Ekmeles, a vocal ensemble dedicated to the performance of new and rarely heard works and gems of the historical avant-garde, will present a concert on Tuesday, Feb. 7, at 8 p.m. in the Rose and Jules R. Setnor Auditorium, Crouse College. The concert is free and open to the public.
The program will include “Three Scenes from ‘Sleep’” by Erin Gee, “Peccavi fateor” by Jeffrey Gavett, “Motorman Sextet” by Taylor Brook and the premiere performance of a revised version of “The Human Dream” by Andrew Waggoner, professor of composition in the College of Visual and Performing Arts’ Rose, Jules R. and Stanford S. Setnor School of Music.
Ekmeles, which will be in residence at the Setnor School as part of the Baker Artists Program, will participate in several additional events open to the public:
- Monday, Feb. 6, open forum with singers, composers and students, 12:20-1:40 p.m., 404 Crouse College
- Monday, Feb. 6, vocal workshop with University Singers, 2:15-3:25 p.m., Setnor Auditorium
- Tuesday, Feb. 7, reading of Syracuse University student works, 12:30-1:50 p.m., Setnor Auditorium
New York is home to a vibrant instrumental new music scene, with a relative paucity of vocal music. Ekmeles was founded to fill the gap by presenting new a cappella repertoire for solo voices and by collaborating with these instrumental ensembles.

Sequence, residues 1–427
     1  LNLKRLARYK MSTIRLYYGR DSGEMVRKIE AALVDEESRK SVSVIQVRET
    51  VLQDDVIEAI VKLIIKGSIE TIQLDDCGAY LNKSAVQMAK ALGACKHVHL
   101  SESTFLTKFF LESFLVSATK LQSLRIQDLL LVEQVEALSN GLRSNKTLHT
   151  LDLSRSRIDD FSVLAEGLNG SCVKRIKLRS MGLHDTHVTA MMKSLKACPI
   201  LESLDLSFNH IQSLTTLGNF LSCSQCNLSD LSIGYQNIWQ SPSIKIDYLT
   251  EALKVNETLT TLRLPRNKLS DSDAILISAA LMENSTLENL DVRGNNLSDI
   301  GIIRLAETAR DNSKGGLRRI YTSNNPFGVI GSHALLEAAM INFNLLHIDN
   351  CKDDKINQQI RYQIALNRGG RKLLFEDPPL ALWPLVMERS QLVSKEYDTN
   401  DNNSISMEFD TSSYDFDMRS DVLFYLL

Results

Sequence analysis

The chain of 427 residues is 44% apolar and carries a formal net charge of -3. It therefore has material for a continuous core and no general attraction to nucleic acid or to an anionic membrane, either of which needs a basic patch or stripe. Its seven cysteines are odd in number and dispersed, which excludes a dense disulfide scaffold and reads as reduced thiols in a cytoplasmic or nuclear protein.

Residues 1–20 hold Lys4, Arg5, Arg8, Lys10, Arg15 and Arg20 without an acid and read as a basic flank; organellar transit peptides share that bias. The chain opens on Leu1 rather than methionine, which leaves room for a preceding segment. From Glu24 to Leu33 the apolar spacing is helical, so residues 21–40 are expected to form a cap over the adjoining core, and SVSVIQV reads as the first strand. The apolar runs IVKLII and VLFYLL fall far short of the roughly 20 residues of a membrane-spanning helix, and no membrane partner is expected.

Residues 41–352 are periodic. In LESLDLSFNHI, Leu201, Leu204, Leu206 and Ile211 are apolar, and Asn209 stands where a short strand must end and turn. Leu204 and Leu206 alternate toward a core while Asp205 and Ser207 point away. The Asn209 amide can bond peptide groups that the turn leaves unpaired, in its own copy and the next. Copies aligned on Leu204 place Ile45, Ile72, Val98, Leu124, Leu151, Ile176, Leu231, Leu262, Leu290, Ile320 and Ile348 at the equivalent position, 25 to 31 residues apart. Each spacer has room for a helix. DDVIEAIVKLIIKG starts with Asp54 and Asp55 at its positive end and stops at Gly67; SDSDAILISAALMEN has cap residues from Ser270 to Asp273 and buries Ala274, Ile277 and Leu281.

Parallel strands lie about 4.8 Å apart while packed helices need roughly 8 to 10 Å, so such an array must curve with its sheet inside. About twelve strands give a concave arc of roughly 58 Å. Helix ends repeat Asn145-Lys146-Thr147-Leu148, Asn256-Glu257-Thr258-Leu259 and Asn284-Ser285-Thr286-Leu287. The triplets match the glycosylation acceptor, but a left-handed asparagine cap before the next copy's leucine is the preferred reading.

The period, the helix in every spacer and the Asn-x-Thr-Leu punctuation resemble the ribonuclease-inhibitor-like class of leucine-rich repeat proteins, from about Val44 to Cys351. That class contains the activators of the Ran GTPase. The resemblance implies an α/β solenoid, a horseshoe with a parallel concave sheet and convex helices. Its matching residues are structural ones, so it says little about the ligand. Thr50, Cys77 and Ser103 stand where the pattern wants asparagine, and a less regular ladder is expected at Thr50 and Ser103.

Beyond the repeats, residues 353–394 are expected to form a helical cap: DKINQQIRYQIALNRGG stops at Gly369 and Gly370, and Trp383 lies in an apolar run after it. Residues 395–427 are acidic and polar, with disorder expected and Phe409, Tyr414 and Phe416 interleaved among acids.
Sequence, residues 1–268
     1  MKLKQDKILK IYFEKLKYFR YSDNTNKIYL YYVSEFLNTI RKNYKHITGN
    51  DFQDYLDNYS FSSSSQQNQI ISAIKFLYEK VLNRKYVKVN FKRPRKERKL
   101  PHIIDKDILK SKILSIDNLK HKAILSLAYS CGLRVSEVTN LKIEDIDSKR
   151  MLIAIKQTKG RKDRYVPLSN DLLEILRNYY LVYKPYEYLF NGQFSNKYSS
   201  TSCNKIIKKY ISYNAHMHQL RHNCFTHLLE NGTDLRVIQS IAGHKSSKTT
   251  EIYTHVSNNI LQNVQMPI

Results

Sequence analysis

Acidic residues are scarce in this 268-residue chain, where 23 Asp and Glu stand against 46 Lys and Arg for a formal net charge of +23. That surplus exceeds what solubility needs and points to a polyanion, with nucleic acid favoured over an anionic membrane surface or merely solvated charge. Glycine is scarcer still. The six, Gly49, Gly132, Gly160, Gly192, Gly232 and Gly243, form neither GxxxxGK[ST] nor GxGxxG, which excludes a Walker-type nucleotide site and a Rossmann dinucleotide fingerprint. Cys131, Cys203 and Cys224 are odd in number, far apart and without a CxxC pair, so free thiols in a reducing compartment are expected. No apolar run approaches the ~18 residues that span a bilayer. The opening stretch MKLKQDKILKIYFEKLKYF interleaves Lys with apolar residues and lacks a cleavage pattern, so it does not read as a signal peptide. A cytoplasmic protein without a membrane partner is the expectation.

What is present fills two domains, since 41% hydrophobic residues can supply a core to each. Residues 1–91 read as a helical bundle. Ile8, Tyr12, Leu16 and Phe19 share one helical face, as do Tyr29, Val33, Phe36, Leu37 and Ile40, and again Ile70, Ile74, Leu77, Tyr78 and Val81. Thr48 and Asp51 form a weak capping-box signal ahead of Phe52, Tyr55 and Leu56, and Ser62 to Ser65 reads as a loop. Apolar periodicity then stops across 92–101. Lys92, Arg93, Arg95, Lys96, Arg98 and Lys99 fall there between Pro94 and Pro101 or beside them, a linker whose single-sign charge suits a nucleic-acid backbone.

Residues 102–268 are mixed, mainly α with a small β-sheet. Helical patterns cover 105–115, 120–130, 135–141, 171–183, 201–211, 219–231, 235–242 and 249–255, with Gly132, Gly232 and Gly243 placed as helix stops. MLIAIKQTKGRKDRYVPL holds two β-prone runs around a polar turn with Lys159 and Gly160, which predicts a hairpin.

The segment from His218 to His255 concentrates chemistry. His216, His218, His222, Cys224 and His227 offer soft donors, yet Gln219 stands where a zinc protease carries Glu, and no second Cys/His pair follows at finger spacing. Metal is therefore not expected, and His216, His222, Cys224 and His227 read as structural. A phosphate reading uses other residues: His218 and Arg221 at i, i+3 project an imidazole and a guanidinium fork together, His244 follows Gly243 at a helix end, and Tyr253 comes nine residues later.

Gavett, the ensemble’s director, brings a hybrid vision to the group: he is an accomplished ensemble singer and performer of new works and holds degrees from Westminster Choir College and Manhattan School of Music's contemporary performance program. He has assembled a virtuoso group of colleagues who bring their own diverse backgrounds to bear on the unique challenges of this essential and neglected repertoire.
For most Setnor Auditorium events, free and accessible parking is available in the Q1 lot. Additional parking is available in the Irving Garage. Campus parking availability is subject to change; call 315-443-2191 for current information or for more information about the operas.
The Baker Artists Program creates opportunities for students to connect with renowned music professionals through a robust and engaging residency program. Founded in 2013 by a grant from the Dexter F. & Dorothy H. Baker Foundation, the program brings leading performers, educational scholars, composers, and industry leaders to the Setnor School of Music, the Syracuse University campus, and the larger Syracuse community by providing master classes, lectures and performances.